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The Black Chalice by Steven Savile

Son of a knight and aspirant to the Round Table, Alymere yearns to take his place in the world, and for a quest to prove his worth. He comes across the foul Devil’s Bible – said to have been written in one night by an insane hermit – which leads and drives him, by turns, to seek the unholy Black Chalice. On his quest he will face, and overcome dire obstacles and cunning enemies, becoming a knight of renown; but the ultimate threat is to his very soul.

It’s typical isn’t it? It turns out that stories about knights are like buses. You wait for one to arrive and then two appear at the same time. No sooner had I finished King Death by Paul Finch, I then noticed that the next book on my TBR pile was The Black Chalice by Steven Savile. (Possibly not the best planning in the world on my part but we’ll gloss over that shall we?).

The Black Chalice is the first in a series from Abaddon Books called Malory’s Knights of Albion. The premise of this series is outlined in the novel’s introduction and describes the set-up perfectly.

Found in a church vestry in 2006, the Salisbury Manuscript is the only existing copy of The Second Book of King Arthur and His Noble Knights. Apparently a sequel to Thomas Malory’s Le Morte D’Arthur, the best-known and most influential version of the story of King Arthur and his Round Table, the Second Book has caused enormous controversy throughout the academic world….The Black Chalice is the first title to be released to the public.

Alymere is dragged through the physical and emotional ringer in this story. He starts as a wide eyed innocent, and by the novel’s conclusion he has been exposed to more suffering than most see in a lifetime. He is stuck between two opposing forces, both keen to own him body and soul. There is some nice natural feeling character development on display here. We get to see Alymere’s first impetuous, and youthful forays into knighthood. They tend not to go exactly as planned, causing outbursts of his fiery temper. Initially, Alymere does come across as a bit of fool. He makes rash decisions without considering the consequences.  As he learns what it means to be a knight, his character changes and becomes more introspective and thoughtful.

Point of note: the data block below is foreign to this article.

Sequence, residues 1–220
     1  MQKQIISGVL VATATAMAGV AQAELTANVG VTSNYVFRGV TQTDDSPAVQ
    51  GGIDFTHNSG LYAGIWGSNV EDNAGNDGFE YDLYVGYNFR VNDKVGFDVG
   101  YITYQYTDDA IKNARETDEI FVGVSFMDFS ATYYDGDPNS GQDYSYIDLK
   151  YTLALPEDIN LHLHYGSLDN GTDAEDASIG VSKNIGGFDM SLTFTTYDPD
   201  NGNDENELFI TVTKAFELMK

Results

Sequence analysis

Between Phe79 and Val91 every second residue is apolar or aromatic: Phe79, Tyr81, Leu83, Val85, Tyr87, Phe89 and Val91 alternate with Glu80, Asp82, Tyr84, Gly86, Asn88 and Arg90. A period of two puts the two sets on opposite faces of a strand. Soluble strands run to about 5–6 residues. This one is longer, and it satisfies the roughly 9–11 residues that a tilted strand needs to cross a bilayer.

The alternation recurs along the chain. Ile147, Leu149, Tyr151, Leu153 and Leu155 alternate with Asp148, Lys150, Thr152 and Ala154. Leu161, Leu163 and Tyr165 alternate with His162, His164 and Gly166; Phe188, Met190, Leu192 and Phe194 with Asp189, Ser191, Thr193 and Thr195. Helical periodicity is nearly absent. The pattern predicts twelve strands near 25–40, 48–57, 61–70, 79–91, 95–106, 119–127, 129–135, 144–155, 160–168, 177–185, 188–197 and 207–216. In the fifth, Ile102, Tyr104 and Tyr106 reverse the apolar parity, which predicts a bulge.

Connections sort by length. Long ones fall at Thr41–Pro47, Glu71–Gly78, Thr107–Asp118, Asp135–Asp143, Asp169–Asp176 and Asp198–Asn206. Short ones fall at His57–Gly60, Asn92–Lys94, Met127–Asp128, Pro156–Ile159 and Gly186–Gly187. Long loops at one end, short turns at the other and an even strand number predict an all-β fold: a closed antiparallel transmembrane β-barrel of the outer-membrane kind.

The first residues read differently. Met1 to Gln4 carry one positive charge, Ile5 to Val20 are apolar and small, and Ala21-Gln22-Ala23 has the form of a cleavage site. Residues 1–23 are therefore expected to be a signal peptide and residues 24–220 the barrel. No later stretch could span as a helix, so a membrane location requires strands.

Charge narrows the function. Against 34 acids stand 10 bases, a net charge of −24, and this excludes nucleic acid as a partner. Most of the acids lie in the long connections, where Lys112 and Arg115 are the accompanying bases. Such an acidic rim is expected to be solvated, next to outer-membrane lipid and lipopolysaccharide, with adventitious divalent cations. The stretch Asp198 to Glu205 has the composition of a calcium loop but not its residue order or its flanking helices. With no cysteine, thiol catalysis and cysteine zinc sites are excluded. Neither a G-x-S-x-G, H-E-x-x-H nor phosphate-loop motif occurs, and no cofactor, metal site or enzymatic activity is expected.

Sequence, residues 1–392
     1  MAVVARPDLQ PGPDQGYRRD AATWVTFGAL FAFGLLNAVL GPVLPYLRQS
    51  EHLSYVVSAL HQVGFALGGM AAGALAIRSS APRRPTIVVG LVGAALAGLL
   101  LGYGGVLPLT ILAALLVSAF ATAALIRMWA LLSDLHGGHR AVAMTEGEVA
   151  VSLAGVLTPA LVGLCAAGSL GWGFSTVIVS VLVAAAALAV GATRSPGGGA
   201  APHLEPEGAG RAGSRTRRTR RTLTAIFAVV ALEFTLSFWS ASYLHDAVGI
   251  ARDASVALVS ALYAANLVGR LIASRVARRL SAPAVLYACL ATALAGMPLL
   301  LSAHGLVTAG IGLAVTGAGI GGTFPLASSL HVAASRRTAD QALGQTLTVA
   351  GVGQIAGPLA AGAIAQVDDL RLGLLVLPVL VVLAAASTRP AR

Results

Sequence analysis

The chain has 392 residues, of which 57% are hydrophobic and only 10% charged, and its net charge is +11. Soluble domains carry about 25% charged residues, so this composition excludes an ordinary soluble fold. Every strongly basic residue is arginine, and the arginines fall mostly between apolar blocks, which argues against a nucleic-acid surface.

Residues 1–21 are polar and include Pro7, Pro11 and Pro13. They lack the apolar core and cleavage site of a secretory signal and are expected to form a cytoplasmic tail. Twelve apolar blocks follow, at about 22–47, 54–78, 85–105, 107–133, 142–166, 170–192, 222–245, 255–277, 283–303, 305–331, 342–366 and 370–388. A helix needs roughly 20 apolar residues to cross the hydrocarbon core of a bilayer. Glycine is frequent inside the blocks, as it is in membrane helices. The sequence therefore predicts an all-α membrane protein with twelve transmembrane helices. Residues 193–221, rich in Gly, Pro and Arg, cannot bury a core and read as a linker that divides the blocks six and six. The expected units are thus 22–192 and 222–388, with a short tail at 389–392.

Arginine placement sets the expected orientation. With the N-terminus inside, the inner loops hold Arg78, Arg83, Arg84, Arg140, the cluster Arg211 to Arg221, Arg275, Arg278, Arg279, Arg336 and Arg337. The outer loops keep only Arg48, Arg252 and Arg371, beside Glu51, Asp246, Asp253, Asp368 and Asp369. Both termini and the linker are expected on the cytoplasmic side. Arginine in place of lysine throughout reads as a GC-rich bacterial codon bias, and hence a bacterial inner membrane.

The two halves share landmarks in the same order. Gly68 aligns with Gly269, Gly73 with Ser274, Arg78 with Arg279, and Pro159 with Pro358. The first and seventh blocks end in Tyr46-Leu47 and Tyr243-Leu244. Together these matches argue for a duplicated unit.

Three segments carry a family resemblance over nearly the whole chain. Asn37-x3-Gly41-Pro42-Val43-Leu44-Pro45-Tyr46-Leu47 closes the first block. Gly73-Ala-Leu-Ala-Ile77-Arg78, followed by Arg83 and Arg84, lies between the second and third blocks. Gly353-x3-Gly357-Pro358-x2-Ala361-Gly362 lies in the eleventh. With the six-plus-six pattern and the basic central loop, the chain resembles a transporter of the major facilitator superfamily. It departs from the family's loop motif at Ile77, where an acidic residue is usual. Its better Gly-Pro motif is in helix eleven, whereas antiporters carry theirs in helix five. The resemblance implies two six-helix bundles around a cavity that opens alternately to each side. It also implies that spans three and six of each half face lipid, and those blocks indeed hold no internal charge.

The other characters are just as well drawn. Sir Bors de Ganis, the first knight that Alymere meets at Camelot, is like a living embodiment of the knight’s code. He exhibits an air of chivalry and fair play, but there is also a cheeky glint in his eye, and a gregariousness that makes him immensely likeable. If anything I found myself hoping for Sir Bors to appear more often as the tale unfolded, not that I didn’t enjoy what I was reading, I just think it would be fantastic to have an entire book dedicated just to his story. He was a particularly memorable addition to the cast.

Blodyweth, a mysterious woman that Alymere meets while on his travels, is also suitably intriguing. She appears to know far more about the young aspirant than she is letting on, and brings a nice supernatural air to the proceedings. Like Sir Bors, it would be interesting to learn more of her back story.

King Arthur’s appearance is only in passing during a few key scenes, but this seems entirely appropriate. A few other famous names are also mentioned but remember, these are the second chronicles of Thomas Malory and are focused on introducing a new cast of characters while enhancing what a reader may know about existing ones. The Knights of Albion, as a series, is about letting the reader meet a host of hitherto unknown Knights of the Round Table.

The Black Chalice is pitched as an introduction to the series. The central story explores what it means to become, and to be, a knight. It examines the themes of self-sacrifice, loyalty, chivalry and the cost of giving up your life to the greater good. If you are familiar with the old legends then this novel will no doubt raise a smile. It covers the same motifs that feature so heavily in the originals texts. For me the Arthurian legends have always been about blending the supernatural with the internal struggle of good versus evil that exists in everyone. I enjoyed reading The Black Chalice and I’ll be reading the next novel in this series very soon.

The Black Chalice (Malory’s Knights of Albion)


New From: £3.41 GBP In Stock

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